As petrol at NZ pumps head towards two dollars per litre, commerce minister Lianne Dalziel says his morning there's nothing her government can do to lower prices.
Au contraire, Lianne. Since the government is taking a fairly savage proportion* of the cost of every litre in tax (which is far more than the profits the oil companies make on every litre of their own oil every litre, and with GST on top) I'd say there's something very tangible the government can do, don't you?
And this is not to mention the extra twenty-five cents per litre (plus GST) that the government is about to levy to pay for feelgood anti-global warming measures, and for its latest bout of constructing public transport infrastructure that few people want to use.
So frankly, Lianne, there's something very simple your government could do to lower petrol prices: Stop stealing.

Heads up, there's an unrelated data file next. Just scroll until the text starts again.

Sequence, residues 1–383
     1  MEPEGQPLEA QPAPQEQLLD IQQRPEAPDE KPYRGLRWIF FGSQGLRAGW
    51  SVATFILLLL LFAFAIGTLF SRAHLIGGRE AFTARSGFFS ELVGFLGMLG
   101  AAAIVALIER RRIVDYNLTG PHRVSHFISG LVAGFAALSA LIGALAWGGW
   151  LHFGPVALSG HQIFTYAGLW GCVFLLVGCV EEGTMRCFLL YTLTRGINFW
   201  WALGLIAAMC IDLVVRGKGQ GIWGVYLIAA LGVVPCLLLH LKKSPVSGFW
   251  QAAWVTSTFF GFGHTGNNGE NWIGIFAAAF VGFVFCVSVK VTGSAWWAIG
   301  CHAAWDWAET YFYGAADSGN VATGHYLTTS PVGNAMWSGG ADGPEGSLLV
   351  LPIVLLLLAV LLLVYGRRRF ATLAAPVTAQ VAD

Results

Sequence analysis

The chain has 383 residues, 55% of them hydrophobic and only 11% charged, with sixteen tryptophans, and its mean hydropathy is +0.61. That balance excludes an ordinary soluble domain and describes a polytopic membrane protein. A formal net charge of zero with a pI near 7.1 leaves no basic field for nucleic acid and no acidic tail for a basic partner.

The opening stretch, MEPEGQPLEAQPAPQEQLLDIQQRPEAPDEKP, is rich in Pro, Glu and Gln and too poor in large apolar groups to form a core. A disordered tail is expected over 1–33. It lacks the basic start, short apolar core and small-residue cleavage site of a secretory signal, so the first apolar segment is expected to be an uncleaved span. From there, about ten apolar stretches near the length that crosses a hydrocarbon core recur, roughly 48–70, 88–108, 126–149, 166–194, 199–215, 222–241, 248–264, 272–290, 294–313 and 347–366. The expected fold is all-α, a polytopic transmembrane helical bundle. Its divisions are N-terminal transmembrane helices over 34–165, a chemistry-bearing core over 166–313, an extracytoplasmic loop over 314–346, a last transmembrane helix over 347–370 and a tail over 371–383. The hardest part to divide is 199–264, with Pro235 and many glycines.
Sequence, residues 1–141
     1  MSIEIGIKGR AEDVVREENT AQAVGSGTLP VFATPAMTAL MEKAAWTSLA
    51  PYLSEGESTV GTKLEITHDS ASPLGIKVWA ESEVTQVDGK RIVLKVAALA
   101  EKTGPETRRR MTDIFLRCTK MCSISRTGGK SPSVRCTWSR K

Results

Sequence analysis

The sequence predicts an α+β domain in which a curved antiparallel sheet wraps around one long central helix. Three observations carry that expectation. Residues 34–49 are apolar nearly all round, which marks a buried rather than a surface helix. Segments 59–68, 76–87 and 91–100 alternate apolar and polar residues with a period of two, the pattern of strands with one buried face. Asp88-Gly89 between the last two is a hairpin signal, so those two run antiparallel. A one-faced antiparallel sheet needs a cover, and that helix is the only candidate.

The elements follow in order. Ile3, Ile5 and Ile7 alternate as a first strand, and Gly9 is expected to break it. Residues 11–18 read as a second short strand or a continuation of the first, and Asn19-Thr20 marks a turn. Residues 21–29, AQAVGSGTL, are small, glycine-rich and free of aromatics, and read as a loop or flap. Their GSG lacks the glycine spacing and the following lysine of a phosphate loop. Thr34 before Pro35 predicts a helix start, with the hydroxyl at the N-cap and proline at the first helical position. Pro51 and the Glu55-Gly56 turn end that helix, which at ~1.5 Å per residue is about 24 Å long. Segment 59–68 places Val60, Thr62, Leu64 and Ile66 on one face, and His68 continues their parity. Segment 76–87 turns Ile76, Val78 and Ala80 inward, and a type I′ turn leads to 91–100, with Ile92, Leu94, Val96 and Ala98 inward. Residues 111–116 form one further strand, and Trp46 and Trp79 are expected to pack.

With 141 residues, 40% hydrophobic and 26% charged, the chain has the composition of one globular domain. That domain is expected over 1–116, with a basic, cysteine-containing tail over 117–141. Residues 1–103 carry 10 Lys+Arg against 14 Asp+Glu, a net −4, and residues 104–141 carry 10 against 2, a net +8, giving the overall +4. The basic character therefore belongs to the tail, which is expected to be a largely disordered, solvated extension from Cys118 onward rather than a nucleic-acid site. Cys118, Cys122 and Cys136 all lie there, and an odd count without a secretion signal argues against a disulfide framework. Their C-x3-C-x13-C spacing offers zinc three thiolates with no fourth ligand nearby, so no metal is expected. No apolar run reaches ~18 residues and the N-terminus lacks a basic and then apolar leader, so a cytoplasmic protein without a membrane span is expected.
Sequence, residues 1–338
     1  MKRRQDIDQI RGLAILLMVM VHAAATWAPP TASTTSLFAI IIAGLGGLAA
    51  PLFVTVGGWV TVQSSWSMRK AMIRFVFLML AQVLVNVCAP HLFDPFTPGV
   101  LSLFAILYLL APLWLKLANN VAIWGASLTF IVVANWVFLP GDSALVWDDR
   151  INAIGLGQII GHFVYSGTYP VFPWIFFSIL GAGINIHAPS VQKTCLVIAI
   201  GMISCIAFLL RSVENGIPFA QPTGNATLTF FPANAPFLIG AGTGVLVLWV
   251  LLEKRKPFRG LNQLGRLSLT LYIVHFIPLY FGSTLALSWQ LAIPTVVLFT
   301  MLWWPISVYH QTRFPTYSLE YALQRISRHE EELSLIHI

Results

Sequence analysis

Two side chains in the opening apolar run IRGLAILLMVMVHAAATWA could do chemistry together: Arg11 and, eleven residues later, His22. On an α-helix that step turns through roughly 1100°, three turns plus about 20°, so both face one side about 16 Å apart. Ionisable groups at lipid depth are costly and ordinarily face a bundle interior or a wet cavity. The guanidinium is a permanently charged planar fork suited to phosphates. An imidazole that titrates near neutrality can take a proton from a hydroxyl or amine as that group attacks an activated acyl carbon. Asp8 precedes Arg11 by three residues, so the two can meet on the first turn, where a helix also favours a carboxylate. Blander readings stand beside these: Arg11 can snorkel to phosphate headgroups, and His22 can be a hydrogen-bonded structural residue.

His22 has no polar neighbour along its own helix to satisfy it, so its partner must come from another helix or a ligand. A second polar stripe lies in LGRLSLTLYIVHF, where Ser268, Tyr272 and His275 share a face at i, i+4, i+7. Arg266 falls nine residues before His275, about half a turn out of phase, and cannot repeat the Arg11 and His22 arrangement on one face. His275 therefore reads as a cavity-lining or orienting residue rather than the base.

* Last I checked this was something of the order of forty-seven percent, and that was before the extra five cents per litre 'green' tax added on April Fool's Day this year. Perhaps someone with a calculator and access to an accurate account of the theft could let me know this morning what it amounts to now?
UPDATE: Thanks to commenters JC and 'Spam,' who've come up with these figures:
Going back to early 2007, taxes were $0.50 excl GST.
GST is charged on the total price of fuel, and with a total price at around $2 / litre, the GST component is about $0.22. Now, with the importer margin being only around $0.18 the government is making more money out of GST ONLY than the oil companies are making on a per-litre basis!
[On top of that there's] the ACC levy of 7 cents, soon to be 9 cents on each litre.
So you have a 50 cent levy, a 9 cent ACC levy plus 22 cents GST... in round figures [that's about] 80 cents per litre to the government.
To put that in perspective, the government's take is about what we used to pay for petrol around 1997/98.